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drex 

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Anybody got any more info?
Heard about this on radio 4 this morning and looked up the paper when I got home
 
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Anybody got any more info?
Heard about this on radio 4 this morning and looked up the paper when I got home
Yes I was listening to it - but when you look up Paul Stamets and then look into the patent he had registered it's a very speculative patent designed to tie up any prospect of his work being used elsewhere ... not a lot of hope in it for bees either despite what the radio 4 programme was suggesting ...
 

ericbeaumont 

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Interview here with Stamets by Merlin Sheldrake, a British biologist, mycological evangelist and author of the splendid Entangled Life: How Fungi make our Worlds, Change our Minds and Shape our Futures.

Fungi are pretty much beneficial to everything and I'm intrigued by the results. Closer to Drex than he probably thought likely is a tincture to add to bee feeds made by Colchester organic producers Mushroom Table. Out of stock currently, but I've always wanted to try it; I'll ask William at the Saturday market and find out when bees can become guinea pigs.
 

derekm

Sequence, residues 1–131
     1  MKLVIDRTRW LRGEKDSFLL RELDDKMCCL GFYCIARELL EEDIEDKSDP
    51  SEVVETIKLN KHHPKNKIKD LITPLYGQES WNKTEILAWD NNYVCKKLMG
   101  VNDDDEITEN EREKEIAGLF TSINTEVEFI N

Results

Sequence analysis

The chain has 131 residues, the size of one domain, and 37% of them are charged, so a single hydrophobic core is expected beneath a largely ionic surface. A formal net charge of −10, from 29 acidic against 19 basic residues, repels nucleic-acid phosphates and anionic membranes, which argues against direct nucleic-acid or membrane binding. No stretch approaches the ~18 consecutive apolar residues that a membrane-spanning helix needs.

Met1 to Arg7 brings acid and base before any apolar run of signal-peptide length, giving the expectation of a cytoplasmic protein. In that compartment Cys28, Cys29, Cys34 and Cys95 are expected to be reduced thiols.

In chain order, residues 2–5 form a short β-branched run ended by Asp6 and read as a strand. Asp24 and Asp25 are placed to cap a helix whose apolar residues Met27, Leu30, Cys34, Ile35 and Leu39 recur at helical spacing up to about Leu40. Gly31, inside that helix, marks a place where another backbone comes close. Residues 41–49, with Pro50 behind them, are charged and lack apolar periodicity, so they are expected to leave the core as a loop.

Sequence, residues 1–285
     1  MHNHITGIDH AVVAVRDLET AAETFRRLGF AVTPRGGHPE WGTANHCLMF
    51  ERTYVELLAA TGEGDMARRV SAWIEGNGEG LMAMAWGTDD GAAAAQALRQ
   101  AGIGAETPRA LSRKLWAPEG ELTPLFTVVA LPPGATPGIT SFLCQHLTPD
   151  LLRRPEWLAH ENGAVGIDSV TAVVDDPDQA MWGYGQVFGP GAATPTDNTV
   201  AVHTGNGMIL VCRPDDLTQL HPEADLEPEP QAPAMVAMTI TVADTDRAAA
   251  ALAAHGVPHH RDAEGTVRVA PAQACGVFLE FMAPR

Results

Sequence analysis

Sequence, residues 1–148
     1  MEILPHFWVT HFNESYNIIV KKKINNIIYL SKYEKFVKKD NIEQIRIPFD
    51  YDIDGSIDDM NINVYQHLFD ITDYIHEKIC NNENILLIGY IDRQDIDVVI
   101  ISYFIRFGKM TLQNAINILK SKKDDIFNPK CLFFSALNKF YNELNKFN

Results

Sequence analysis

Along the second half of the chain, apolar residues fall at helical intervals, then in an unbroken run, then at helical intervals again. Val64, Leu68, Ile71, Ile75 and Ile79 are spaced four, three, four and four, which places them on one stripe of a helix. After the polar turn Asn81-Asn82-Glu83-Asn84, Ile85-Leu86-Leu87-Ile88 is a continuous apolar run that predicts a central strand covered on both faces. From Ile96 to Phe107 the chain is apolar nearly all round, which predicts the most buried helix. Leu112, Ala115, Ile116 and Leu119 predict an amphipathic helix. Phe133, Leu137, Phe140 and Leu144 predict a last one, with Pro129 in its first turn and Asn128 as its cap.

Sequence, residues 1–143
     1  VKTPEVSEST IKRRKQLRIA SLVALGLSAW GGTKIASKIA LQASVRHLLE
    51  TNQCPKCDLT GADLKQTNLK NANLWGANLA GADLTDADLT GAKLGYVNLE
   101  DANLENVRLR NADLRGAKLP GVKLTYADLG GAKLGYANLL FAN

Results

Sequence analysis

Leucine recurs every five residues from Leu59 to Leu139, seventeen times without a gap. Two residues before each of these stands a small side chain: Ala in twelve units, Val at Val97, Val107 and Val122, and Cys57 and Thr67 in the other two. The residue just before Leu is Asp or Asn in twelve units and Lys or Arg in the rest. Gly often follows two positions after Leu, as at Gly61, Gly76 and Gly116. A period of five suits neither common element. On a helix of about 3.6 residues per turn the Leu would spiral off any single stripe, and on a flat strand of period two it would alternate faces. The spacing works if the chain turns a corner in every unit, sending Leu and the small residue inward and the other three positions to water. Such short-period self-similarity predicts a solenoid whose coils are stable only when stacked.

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The curious part of it was an observation of honey bees feeding on fungi.... So all those mouldy frames Beeks hate so much are a source of protein after all. Which shouldnt be a surprise as other hymenoptera do the same.
 

Murox 

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I recall reading about fungus growing amongst the detritus from "wild"nests in hollow trees, with potentially some sort of symbiosis going on. As already said fungi are generally beneficial, the seem to be capable of cleaning up all manner of 'bad stuff'.
 

Finman 

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And what fungus or fungi... what eve r?

In Finland we have 400 different Cortinarius fungi for example.

We know that medicines do not affect on viruses.
We use vaccination. Vaccine must be exact for the virus, that it works. Pp

Why this mycelium medicine does not follow usual virus knowledge.

New viruses are with varroa. Even if we kill the viruses, we still have varroa bugs, which kill hives.
 

jenkinsbrynmair 

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Too many - but not nearly enough
And what fungus or fungi... what eve r?

In Finland we have 400 different Cortinarius fungi for example.

We know that medicines do not affect on viruses.
We use vaccination. Vaccine must be exact for the virus, that it works. Pp

Why this mycelium medicine does not follow usual virus knowledge.

New viruses are with varroa. Even if we kill the viruses, we still have varroa bugs, which kill hives.
I'm sure a sprinkling of Psilocybe semilanceata on your morning muesli will help while away the long dark winter days Finnie 😁
 

madasafish 

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I recall reading about fungus growing amongst the detritus from "wild"nests in hollow trees, with potentially some sort of symbiosis going on. As already said fungi are generally beneficial, the seem to be capable of cleaning up all manner of 'bad stuff'.

There are fungi in our lawn.
They're not doing a good job in getting rid of the moss, or the daisies , or the creeping buttercups.

And they appear inedible as well..
 

Erichalfbee 

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There are fungi in our lawn.
They're not doing a good job in getting rid of the moss, or the daisies , or the creeping buttercups.